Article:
What Material To Use When Insulating The Basement

What Material To Use When Insulating The Basement

Posted by Ecostar Insulation on June 14, 2019

Do you think insulating your basement will make it a more useful space?

Most property owners choose to insulate their properties to make them a more comfortable place to spend time on. If you want your basement to be a better place for your kids to play, a comfortable work out area, office or even home theater then you should consider insulating it first. Leaving the basement uninsulated allows the air to get into the rim joist, ceiling, and walls. Insulation will not only make a more functional basement but will also significantly improve the comfort of other areas in the house such as the space above.

Ecostar Insulation has more than 10 years of experience insulating homes from top to bottom. If you want to make your basement a better place, we can help find the appropriate solution for you. There is no doubt that insulating the basement is a necessity in Ontario and in this article, we are going to discuss the best material for insulation. Most common materials used for insulation are spray foam, fiberglass, and foam board. Let’s analyze the three options.

Basement Foam Board Insulation

  • What Is Foam Board Insulation?

Foam board insulations are insulation panels made of polystyrene, polyisocyanurate, or polyurethane. Foam boards can be used to insulate any part of the property. It can also be installed in the open cavities of your pole barn. These insulation boards come in different thicknesses, lengths, and facings so the installer can fit it in the area. Foam board insulation provides good thermal resistance and reduces heat conduction through structural elements, such as wood and steel studs.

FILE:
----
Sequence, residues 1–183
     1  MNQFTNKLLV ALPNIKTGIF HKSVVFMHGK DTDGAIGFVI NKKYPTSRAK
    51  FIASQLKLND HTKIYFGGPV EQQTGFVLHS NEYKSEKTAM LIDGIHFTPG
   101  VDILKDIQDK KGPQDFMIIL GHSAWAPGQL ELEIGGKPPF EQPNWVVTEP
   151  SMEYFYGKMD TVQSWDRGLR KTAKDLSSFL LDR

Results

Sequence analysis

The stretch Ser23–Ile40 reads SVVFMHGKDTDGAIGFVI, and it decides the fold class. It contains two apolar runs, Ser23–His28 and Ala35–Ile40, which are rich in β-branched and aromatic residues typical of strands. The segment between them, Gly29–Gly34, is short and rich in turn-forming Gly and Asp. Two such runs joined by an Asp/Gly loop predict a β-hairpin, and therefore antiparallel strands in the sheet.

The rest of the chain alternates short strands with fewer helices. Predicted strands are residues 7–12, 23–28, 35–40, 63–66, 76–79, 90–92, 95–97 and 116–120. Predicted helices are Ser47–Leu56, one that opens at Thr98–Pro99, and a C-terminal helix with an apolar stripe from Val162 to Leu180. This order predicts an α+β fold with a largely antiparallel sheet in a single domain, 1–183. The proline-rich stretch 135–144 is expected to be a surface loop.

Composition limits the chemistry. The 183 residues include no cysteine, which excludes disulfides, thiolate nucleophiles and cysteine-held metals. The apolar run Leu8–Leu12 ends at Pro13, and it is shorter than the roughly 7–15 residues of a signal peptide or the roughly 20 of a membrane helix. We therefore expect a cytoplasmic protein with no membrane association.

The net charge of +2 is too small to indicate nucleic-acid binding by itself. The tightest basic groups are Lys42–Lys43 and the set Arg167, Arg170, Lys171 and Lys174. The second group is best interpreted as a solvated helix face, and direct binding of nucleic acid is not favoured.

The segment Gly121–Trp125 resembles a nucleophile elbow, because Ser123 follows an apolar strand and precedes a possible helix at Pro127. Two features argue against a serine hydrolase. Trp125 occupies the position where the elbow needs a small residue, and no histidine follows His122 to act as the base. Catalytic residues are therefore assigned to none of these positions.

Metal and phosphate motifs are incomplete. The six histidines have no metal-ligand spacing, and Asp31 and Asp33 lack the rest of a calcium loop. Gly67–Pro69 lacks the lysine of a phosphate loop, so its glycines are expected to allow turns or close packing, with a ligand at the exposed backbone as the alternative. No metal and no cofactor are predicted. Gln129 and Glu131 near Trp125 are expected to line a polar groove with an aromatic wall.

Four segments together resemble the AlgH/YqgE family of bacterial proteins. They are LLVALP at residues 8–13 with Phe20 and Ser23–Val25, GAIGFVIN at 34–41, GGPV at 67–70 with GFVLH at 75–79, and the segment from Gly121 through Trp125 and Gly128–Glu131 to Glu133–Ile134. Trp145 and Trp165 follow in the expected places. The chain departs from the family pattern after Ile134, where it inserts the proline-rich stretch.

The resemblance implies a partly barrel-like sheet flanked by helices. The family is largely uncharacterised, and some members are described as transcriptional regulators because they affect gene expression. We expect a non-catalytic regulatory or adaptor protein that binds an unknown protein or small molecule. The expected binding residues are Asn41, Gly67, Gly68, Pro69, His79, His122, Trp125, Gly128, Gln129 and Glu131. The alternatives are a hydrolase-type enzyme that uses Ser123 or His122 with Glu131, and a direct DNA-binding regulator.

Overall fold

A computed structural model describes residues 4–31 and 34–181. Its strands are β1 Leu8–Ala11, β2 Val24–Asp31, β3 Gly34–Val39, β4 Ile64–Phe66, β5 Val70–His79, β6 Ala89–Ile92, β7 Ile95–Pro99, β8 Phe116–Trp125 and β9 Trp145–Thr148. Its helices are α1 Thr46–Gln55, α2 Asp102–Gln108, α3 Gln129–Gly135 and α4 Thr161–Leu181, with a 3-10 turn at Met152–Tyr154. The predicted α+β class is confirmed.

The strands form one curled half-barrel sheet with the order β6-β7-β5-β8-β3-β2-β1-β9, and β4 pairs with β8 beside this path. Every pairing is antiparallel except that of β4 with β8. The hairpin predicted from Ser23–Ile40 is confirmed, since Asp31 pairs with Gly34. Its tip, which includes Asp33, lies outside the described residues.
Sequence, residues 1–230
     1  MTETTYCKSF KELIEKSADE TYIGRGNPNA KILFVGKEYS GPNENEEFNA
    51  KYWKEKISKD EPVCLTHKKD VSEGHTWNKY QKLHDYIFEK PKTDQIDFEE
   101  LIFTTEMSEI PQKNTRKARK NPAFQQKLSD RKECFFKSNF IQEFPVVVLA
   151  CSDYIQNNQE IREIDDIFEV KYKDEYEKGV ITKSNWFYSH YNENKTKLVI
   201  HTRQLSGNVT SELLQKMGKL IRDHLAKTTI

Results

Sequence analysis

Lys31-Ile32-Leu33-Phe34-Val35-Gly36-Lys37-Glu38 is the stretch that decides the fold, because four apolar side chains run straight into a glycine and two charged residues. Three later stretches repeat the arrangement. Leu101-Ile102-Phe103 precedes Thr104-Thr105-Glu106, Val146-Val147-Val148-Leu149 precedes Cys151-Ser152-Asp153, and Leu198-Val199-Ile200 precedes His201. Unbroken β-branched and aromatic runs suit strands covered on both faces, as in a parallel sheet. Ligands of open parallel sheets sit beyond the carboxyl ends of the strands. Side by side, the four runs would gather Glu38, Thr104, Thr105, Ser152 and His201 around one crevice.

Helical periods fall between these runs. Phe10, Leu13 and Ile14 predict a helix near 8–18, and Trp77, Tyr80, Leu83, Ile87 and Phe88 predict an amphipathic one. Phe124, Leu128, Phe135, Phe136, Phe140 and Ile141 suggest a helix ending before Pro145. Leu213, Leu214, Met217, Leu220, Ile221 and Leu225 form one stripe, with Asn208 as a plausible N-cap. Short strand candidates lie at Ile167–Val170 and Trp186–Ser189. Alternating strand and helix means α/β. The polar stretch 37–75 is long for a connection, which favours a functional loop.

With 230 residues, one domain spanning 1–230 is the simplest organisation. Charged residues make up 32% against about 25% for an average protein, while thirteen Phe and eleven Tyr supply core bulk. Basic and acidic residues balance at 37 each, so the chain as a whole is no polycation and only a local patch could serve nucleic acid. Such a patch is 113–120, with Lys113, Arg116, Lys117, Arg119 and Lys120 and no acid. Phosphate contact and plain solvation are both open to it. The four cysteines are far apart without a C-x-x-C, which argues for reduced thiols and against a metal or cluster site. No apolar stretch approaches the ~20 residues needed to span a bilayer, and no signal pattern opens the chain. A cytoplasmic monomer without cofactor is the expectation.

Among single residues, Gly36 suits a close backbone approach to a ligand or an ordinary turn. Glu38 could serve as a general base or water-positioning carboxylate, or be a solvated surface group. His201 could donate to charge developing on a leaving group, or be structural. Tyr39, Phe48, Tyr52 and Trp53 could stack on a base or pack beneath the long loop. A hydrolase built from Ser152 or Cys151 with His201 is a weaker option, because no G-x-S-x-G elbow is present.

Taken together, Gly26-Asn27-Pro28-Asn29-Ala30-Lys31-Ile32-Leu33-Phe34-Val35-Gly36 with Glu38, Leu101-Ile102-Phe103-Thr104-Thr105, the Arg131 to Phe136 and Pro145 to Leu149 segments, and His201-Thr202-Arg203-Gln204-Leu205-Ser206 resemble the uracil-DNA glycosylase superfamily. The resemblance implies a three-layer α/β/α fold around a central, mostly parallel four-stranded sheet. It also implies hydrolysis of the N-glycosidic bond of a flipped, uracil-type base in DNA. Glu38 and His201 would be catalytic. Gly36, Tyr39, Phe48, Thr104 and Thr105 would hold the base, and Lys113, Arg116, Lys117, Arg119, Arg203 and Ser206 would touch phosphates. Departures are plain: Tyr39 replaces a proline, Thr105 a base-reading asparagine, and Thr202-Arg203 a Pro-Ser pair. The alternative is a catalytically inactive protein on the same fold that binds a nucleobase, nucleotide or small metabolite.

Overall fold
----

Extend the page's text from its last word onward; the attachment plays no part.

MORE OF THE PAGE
Pros

  • Some rigid foam products are water-resistant that can help limit moisture buildup and mildew growth.
  • If foam board insulation is installed properly, the rigid material can create an air barrier.
  • Some foam board materials are long term and there is no need to maintain or replace them over time.

Cons

  • The foam boards won't provide airflow if not taped properly. 
  • There is a risk for the air bubbles inside the foam boards to accumulate moisture and become ineffective.
  • The foam boards have to be cut precisely to fit the area so it can be properly installed. If the boards are not cut properly, then air leakage could occur.

Basement Fiberglass Insulation

  • What is fiberglass?

Fiberglass consists of extremely thin glass fibers. Mostly we find it as batts, rolls blanket and loose fill. It is also found as rigid boards and duct insulation. Currently, it is produced as a medium and high-density fiberglass batt insulation with a higher R-Value than standard batt. Fiberglass can be placed in unfinished walls, floors, and ceilings. By trapping pockets of air, fiberglass as an insulator slows the spread of heat, cold, and sound in structures. This makes the rooms warm in the winter and cooler in the summer.

Pros

  • Fiberglass is cheaper compared to other basement insulation options.
  • If you are planning to renovate the basement yourself, you can install fiberglass as a DIY project.

Cons

  • Using fiberglass in the basement does not provide a barrier for moisture.
  • Because fiberglass batts are air permeable, it doesn’t protect your house from warm and humid interior air from contacting the surface of the wood studs in the basement.
  • It may lead to condensation and moisture issues.
  • If disturbed, it can release particulates into the air which can penetrate the skin or enter the airways.